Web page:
Analysis on Trade Unionism – TUSC meet in Mumbai

On January 8th and January 15th, around twenty five trade union activists and senior workers who have been active in working class struggles for decades came together to analyze the present status of trade union movement in Mumbai. Over the course of two days many workers and unionists put forward their points of view as regards to where does the TU movement stand today and, considering the beating it has taken over last 3 decades (owing to a variety of factors chief among them being liberalization policies of the Indian state ), how can it move forward ? The discussions centered around recounting the glorious history of Bombays militant working class struggles , as well as the need to strategize and execute new forms of the struggles. In our opinion ,this discussion which centers around self-criticism on the part of leaders and activists has a significant relevance for Trade Unions throughout the country. The meeting was an initiative of Trade Union Solidarity Committee (TUSC), Bombay. This article summarizes the key points and suggestions raised in the discussion.

From working class militancy in 1960s through 1980s with all the industries recognizing unions, there has been a decline in working class movement. Increased contractualisation and capital mobility have reduced the unions’ ability to carry out successful struggles. Unions have stayed away from organizing contract workers and focus only on the right of permanent workers who were already their members. There is a need to organizing contract and unorganized workers and this is tied to organizing women workers in a big way as 40% of workers in unorganized sectors are women.

Accessibility to workers has reduced as the workers are driven in and out of factories in bus, effectively no factory gates are left for organizing workers and hence new forms of organizing like organizing basti (neighborhood) based unions must be considered carefully. This organizing has to involve the whole basti, including women, children and youth as part of the working class. Issues of working class families need to be linked with workers’ issues at work place.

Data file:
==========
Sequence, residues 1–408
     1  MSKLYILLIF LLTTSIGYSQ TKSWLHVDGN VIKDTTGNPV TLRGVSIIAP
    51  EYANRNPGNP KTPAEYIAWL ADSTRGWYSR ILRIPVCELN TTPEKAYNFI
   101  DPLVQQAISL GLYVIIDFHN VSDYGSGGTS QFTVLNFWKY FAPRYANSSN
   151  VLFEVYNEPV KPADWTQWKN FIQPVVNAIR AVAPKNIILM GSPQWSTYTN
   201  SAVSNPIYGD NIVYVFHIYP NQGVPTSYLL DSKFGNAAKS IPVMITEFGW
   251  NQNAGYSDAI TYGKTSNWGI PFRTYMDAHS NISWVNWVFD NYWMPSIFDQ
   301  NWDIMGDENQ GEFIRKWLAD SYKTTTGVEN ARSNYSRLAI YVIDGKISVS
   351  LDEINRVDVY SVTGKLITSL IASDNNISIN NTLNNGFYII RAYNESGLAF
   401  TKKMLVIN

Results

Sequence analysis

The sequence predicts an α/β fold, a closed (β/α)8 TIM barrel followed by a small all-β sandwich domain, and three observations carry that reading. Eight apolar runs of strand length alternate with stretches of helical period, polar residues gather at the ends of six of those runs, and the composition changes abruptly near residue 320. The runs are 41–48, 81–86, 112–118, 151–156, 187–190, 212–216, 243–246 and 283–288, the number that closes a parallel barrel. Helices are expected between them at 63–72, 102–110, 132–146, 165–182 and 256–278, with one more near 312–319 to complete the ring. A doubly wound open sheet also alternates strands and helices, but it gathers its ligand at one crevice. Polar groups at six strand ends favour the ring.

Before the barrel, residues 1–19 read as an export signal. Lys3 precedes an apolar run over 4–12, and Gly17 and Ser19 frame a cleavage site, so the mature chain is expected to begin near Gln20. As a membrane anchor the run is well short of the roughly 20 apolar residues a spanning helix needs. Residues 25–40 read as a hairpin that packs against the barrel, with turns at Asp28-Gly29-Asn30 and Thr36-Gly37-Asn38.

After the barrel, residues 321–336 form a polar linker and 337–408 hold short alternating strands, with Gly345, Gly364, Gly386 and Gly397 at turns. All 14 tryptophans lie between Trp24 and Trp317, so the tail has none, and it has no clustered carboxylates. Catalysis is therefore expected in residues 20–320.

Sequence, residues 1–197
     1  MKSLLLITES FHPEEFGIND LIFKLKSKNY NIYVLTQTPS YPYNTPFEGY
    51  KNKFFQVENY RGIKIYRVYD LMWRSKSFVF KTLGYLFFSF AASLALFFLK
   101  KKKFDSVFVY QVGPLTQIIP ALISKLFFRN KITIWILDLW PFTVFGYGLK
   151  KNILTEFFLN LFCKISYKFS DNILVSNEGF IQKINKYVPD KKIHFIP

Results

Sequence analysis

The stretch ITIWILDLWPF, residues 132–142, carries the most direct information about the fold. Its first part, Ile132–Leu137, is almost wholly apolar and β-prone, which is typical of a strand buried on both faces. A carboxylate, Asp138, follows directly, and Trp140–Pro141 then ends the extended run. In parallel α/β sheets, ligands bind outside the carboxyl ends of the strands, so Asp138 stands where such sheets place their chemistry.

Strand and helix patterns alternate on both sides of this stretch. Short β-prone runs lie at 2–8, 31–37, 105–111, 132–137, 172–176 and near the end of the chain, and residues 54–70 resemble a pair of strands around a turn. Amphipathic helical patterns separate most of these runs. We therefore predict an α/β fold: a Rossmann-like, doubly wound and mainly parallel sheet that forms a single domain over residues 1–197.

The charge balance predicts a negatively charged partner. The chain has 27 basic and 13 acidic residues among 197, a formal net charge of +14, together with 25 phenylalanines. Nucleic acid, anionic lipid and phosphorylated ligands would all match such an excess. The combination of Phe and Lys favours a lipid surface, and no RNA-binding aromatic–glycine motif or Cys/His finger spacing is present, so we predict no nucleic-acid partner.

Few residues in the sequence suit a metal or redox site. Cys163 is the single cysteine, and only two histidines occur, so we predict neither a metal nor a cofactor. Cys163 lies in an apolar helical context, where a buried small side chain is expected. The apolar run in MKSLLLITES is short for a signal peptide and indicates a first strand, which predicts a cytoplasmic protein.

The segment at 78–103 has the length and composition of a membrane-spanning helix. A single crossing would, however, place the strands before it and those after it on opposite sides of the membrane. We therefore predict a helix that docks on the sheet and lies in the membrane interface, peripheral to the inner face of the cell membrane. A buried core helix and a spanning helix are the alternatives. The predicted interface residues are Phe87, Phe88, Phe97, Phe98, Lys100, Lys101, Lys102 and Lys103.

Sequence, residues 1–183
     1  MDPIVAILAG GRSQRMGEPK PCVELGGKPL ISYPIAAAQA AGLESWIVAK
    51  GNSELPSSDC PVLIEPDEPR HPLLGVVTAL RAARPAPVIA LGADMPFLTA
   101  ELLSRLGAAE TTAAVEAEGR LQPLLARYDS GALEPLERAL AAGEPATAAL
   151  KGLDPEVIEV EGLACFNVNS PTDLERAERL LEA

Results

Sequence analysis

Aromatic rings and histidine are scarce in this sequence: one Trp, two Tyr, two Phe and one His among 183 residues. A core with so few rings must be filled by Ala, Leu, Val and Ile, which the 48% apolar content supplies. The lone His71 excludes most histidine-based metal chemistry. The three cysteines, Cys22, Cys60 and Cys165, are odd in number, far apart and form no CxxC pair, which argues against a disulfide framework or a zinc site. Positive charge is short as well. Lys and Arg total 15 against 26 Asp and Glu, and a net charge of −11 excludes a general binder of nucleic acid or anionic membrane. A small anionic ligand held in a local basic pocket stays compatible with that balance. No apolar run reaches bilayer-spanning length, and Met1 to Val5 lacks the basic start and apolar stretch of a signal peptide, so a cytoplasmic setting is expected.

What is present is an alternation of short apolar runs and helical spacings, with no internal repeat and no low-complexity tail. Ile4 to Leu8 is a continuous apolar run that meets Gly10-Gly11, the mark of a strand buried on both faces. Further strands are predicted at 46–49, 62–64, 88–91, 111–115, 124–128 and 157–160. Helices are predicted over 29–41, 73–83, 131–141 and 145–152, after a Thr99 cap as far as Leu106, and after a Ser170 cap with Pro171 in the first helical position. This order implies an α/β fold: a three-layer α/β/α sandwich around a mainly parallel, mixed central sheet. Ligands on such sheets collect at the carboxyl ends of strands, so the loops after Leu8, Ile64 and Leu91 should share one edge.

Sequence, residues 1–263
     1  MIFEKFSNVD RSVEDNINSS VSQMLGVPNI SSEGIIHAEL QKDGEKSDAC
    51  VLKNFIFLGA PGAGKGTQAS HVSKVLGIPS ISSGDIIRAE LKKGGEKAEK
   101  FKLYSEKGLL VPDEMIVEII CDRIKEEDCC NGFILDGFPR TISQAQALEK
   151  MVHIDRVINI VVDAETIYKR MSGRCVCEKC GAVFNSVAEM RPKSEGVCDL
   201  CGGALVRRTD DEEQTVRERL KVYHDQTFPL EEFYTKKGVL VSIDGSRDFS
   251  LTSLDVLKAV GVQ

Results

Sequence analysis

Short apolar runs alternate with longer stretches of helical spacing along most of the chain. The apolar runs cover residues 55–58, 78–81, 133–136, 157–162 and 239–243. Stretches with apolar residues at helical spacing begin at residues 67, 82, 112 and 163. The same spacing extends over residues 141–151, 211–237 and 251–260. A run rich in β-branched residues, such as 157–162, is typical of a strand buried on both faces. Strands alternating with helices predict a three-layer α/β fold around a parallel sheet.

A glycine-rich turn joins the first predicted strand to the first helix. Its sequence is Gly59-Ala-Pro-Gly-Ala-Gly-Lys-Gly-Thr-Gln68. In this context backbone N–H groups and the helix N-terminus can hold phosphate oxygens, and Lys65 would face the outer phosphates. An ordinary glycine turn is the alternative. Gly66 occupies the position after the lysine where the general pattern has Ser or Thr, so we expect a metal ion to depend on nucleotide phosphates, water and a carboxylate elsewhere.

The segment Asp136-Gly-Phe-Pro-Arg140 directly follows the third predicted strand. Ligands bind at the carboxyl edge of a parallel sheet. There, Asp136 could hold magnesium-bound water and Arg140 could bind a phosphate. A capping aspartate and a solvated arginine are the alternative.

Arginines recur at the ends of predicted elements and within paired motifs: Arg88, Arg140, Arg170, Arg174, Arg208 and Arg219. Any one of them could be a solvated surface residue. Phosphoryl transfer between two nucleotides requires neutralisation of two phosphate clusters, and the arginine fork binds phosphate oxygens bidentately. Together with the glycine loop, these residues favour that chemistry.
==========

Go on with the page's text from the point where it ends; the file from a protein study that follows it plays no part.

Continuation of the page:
Workers are immersed in their own lives and maintain only digital contacts with others. This is reinforced by individualism and the consumer culture promoted by globalization. There is a need to revive collective life and collective action, the backbone of unionism.

A key task which was very much part of the working class movement in 60s and 70s, was to bring workers into the movement of social change and this has taken a back seat now and needs to be revived. It is only when this happens, that like in the 70s students and progressive sections of the society would come together with the working class to fight for social and political issues. Lots of middle class radicals became union organizers and there is a need to motivate the youth to lead union struggles.

Many activists have lost confidence in the working class as a revolutionary leading force because they have forgotten the character of this class and role it has played historically in bringing revolutionary change to society. Lack of confidence by unions in the militancy of workers led to decline of trade unionism. Trade union analysis based on observation and experience and no concrete theoretical analysis are being made.

Although many left unions introduce a broadness of vision among its members – that of collective action for shop floor issues , this vision does not extend to political issues. Management keeps unions busy with court cases, charge sheets , police harassment leaving no energy for political education of workers. Trade unions have become ‘honest wage negotiators’. The political perspective of workers finds reflection in the parties with which the align themselves.

Lack of democracy in the unions is a deep seated problem. Through the democratic participation of the class in all their struggles and activities and the active functioning of their committees and general bodies and other forums, unions can rectify. No education of the masses or development of the leadership qualities are possible without it. Struggles in which the workers have been decision makers are the greatest teachers. The trade unions are “schools for politics” for the workers or else they become just bourgeois institution.

Only by engaging workers in political issues will political consciousness of workers increase. There is a need for political classes at factory levels. Even starting solidarity campaigns in support of struggling workers elsewhere in the country could bring workers out into the streets and politicize them.

The struggle for working class must involve struggle on every aspect of working peoples’ life : Economic, Political, Social, , Ideological and Cultural only then can it become conscious class struggle, by presenting the working class alternative at every turn.

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